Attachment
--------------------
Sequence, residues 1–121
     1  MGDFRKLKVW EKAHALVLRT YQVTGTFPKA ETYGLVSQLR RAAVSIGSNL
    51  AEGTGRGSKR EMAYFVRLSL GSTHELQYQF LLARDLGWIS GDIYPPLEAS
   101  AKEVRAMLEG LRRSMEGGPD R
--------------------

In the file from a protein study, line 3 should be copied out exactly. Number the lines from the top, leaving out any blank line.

    51  AEGTGRGSKR EMAYFVRLSL GSTHELQYQF LLARDLGWIS GDIYPPLEAS